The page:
This followed an incident on New Year’s Eve 2016, when a 17-year-old boy from Aldershot, in Hampshire, became the victim of a tragedy that may have been related to taking a selfie on the Paris Metro.
Nye Frankie Newman (pictured above), from Aldershot, who died on the Paris metro
Nye Frankie Newmans had previously posted this photo of his selfie in Hong Kong in 2016
Free-runner Nye ‘Frankie’ Newman was on his way with his girlfriend and a group of friends to see the fireworks at the Eiffel Tower when he climbed between the train carriages, popped up his head for a moment and was struck by an object.
His mother, Deborah, said at the inquest into her son’s death that she had been told Nye was taking ‘a selfie or video’ when he was fatally injured.
Then, in September 2017, came the death of mother-of-two Carmen Greenway. The 41-year-old graphic designer was cycling home after celebrating her mum’s birthday at a pub when she took a smiling selfie. Moments later, she fell off the bike near her home in Isleworth, West London, fracturing her skull. She died days later in hospital.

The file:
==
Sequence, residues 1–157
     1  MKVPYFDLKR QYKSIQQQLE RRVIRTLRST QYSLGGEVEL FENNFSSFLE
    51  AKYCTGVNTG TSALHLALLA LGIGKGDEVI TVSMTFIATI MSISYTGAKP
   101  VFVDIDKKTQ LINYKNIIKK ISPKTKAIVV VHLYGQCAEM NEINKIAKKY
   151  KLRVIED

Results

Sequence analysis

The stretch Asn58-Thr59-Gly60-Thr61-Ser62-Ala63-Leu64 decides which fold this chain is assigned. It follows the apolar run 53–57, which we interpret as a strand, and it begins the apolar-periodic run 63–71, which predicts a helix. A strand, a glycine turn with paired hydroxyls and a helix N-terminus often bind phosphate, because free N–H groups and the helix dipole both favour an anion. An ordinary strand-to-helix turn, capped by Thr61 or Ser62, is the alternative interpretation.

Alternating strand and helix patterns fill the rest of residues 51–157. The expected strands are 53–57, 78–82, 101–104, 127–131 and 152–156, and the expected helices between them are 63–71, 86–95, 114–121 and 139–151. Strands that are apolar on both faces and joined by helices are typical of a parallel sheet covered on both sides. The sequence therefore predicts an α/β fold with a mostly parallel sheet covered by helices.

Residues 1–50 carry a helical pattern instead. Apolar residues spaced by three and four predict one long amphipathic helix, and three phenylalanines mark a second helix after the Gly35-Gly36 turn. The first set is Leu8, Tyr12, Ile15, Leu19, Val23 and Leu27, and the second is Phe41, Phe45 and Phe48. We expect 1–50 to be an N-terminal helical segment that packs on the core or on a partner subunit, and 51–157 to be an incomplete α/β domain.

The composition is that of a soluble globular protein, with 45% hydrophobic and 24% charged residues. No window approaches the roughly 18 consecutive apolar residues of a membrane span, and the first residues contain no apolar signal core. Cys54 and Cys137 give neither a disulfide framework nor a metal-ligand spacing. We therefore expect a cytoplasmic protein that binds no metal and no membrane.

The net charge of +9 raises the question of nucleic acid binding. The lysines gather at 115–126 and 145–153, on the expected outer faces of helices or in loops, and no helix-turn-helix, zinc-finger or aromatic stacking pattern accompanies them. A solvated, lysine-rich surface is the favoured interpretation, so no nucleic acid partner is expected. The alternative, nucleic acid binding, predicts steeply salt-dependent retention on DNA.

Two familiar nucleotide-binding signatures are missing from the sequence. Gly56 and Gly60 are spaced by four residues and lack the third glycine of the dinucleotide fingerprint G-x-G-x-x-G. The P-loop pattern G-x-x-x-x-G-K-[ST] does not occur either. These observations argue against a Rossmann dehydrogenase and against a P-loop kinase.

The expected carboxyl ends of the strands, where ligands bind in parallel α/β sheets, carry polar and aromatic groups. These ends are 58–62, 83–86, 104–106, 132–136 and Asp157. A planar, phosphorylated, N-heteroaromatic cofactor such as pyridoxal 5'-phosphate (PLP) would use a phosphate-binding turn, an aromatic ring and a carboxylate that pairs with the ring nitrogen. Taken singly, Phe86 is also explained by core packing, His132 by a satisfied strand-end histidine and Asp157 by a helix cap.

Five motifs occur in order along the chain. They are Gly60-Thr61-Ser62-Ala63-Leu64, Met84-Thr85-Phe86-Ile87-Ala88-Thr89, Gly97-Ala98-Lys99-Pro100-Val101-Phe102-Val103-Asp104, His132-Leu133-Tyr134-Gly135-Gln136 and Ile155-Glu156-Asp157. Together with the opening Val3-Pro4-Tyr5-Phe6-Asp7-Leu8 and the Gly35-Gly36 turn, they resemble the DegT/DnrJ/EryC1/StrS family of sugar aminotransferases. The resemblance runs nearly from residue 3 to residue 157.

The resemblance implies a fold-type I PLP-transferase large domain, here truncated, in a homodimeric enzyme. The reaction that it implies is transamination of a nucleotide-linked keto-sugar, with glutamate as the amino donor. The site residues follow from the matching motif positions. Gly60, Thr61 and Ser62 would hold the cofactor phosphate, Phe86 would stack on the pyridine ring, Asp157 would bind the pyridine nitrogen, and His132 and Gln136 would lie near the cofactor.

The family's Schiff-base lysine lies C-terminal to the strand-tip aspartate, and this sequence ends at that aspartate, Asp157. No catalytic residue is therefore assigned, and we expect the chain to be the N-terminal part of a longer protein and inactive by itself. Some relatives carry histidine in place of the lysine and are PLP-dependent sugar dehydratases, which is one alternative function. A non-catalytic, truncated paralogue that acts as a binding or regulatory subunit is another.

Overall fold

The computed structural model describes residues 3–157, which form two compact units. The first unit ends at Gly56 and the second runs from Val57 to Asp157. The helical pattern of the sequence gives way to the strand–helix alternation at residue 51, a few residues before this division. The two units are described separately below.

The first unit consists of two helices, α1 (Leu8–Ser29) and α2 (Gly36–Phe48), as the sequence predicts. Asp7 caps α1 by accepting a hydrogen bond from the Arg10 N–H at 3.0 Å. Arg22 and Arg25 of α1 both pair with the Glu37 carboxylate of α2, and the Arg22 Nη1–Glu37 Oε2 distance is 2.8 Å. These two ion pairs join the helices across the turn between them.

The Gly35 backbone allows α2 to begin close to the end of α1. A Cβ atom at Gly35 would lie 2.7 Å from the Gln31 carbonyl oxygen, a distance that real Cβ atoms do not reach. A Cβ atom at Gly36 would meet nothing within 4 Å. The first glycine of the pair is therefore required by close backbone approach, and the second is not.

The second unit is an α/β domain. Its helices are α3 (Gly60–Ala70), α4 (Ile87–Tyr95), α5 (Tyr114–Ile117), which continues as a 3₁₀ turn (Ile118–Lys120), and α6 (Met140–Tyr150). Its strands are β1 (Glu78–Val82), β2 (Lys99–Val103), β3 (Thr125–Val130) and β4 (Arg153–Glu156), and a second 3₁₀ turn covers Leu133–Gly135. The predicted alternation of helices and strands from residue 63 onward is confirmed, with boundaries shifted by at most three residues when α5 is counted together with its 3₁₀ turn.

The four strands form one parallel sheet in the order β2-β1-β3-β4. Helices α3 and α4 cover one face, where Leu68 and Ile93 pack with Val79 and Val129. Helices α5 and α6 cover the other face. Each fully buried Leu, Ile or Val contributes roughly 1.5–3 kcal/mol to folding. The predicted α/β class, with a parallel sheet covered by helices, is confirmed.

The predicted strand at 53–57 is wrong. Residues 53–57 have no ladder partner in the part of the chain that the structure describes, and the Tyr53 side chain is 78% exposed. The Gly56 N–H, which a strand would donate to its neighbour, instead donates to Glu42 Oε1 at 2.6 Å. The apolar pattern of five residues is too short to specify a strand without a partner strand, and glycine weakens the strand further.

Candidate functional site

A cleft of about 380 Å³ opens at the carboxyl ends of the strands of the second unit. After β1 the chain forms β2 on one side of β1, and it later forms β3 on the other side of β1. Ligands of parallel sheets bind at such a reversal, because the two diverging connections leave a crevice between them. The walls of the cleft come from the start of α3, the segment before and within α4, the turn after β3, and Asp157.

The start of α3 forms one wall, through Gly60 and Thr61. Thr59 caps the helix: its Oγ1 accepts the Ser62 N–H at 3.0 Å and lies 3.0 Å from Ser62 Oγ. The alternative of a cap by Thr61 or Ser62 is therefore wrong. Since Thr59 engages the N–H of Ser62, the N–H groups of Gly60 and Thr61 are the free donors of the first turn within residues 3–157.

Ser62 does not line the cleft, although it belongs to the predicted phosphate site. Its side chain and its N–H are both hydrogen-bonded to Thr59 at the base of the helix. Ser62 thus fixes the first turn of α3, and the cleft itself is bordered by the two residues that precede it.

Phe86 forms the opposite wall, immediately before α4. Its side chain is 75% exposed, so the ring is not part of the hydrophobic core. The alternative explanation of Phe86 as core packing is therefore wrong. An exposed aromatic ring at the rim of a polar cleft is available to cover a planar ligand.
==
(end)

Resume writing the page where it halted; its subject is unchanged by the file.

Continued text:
Michael Kearns (above) had been taking selfies from a 100 ft- high wall in Portugal when he lost balance
Louise Benson (pictured above), 37, originally from Bristol fell to her death in Portugal
In 2018, Louise Benson, 37, originally from Bristol, and her Australian boyfriend, Michael Kearns, 33, plunged to their deaths in Ericeira, Portugal. They were taking selfies from a 100 ft-high wall over the beach when they lost their balance reaching for a dropped mobile phone.
An inquest last year into the death of aspiring actress Bethany-Maria Beales, 22, heard she may have been trying to take a photo when she fell to her death from the 19th floor of a luxury apartment block in Moorgate, London.